The seedling disease problems that have plagued some fields in Iowa have evolved into crown rot problems. Seedling pathogens can rot seeds, prevent emergence, and kill emerged seedlings, but some infections are not lethal and the surviving plants are stunted. As healthy nodal roots develop, many of these plants should recover. However, it has become clear that some plants are not recovering and remain stunted. Symptoms of crown rot are observed with many of these stunted plants. Plants were stunted and yellowed even with relatively mild crown decay. Some of these plants also show leaf chlorosis typical of potassium (K) deficiency (see Corn leaf potassium deficiency symptoms  and Is it iron or potassium deficiency? , this issue). There are several possible causes of K deficiency symptoms; one of them is lingering fungal infection of the root and crown tissue.
|These corn plants were stunted and yellowed even with relatively mild crown decay.|
|Dissected corn plant showing symptoms of Fusarium crown rot.|
These infections usually are caused by Fusarium species, but Colletotrichum (the fungus that causes anthracnose) can sometimes be isolated from decayed crowns. Several species of Fusarium can commonly be isolated from crowns of corn plants at any growth stage. The presence of Fusarium is indicated by a tan-to-brown discoloration that sometimes is not distinguishable from an uninfected plant. In mild infections, there are usually no other symptoms. In other infections, the discoloration is more severe and the crown tissue can become substantially rotted. These plants can exhibit stunting, leaf discoloration (yellowing or purpling), wilting, and even death. In a field, the first indication may be patches of uneven plant growth, often (but not always) in areas where the soil remained wet for a long time during the spring. Extensive decay of this part of the plant cuts off the connection between leaves and roots and/or directly destroys the growing point.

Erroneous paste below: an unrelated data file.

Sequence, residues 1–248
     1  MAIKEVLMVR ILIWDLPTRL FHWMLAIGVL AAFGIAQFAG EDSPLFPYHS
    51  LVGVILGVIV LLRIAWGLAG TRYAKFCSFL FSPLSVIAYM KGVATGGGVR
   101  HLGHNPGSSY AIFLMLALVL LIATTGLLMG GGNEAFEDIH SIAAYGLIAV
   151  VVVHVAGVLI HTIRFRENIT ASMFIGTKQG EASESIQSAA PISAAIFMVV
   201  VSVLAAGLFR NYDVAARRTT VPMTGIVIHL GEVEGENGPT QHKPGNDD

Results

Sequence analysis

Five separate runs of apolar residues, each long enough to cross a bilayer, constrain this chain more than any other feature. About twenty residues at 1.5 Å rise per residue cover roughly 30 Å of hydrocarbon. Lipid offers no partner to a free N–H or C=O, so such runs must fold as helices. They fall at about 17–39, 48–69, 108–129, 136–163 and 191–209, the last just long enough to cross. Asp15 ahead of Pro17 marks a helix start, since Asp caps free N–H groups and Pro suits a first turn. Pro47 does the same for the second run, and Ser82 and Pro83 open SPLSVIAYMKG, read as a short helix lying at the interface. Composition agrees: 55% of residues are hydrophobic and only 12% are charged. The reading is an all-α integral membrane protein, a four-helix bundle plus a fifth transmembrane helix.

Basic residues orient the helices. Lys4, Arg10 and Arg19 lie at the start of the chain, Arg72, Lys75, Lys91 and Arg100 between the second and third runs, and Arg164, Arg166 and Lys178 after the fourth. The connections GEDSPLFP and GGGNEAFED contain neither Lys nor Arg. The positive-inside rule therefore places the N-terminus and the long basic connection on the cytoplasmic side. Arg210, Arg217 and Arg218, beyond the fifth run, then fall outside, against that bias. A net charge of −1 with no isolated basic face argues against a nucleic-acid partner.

Stressful growing conditions cause the plants to become more susceptible to this type of infection. These stresses may include wet soils, cold temperatures, soil compaction, fertility problems, or herbicide injury. In previous years, such problems were most evident when a wet spring was followed by an extended dry period. This year, it seems that extended cold soils are the most likely stress factor that has led to increased crown rot susceptibility. For the past couple of weeks, Dr. Doug Jardine has mentioned this problem in the Kansas State University Extension Crop Disease Alert  newsletter and in Kansas, Dr. Jardine reports that the crown decay is directly linked to cold weather stress.
Because Fusarium species are so common in crop residue and soil, and resistance to this type of infection is not available, there are few practical control measures. Fungicidal seed treatment does not persist long enough to help in this situation. Crown rot is always associated with some type of stress and the plant symptoms are due to a combination of factors, not just the fungal infection. If predisposing stresses can be identified, alleviating them reduces losses to Fusarium. In plants that are stunted but with crowns that are not totally destroyed, cultivation may promote development of the nodal root system and help the plants recover. Most plants with crown rot will survive to set an ear, but their yields are likely to be reduced.
Finally, it is my observation that fields with crown rot problems often end up with stalk rot problems later, as the same Fusarium species found in the crowns in June can persist and cause stalk rot in September.
This article originally appeared on pages 125-126 of the IC-488(15) -- July 1, 2002 issue.